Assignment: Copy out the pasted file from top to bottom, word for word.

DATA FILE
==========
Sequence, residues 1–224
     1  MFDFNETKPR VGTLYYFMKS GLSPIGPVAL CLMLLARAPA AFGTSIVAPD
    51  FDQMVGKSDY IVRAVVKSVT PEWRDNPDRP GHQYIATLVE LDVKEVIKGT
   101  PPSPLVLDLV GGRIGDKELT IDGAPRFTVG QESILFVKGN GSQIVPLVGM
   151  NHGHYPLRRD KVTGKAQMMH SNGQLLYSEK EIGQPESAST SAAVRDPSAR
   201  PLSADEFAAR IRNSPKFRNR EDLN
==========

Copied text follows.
Sequence, residues 1–224
     1  MFDFNETKPR VGTLYYFMKS GLSPIGPVAL CLMLLARAPA AFGTSIVAPD
    51  FDQMVGKSDY IVRAVVKSVT PEWRDNPDRP GHQYIATLVE LDVKEVIKGT
   101  PPSPLVLDLV GGRIGDKELT IDGAPRFTVG QESILFVKGN GSQIVPLVGM
   151  NHGHYPLRRD KVTGKAQMMH SNGQLLYSEK EIGQPESAST SAAVRDPSAR
   201  PLSADEFAAR IRNSPKFRNR EDLN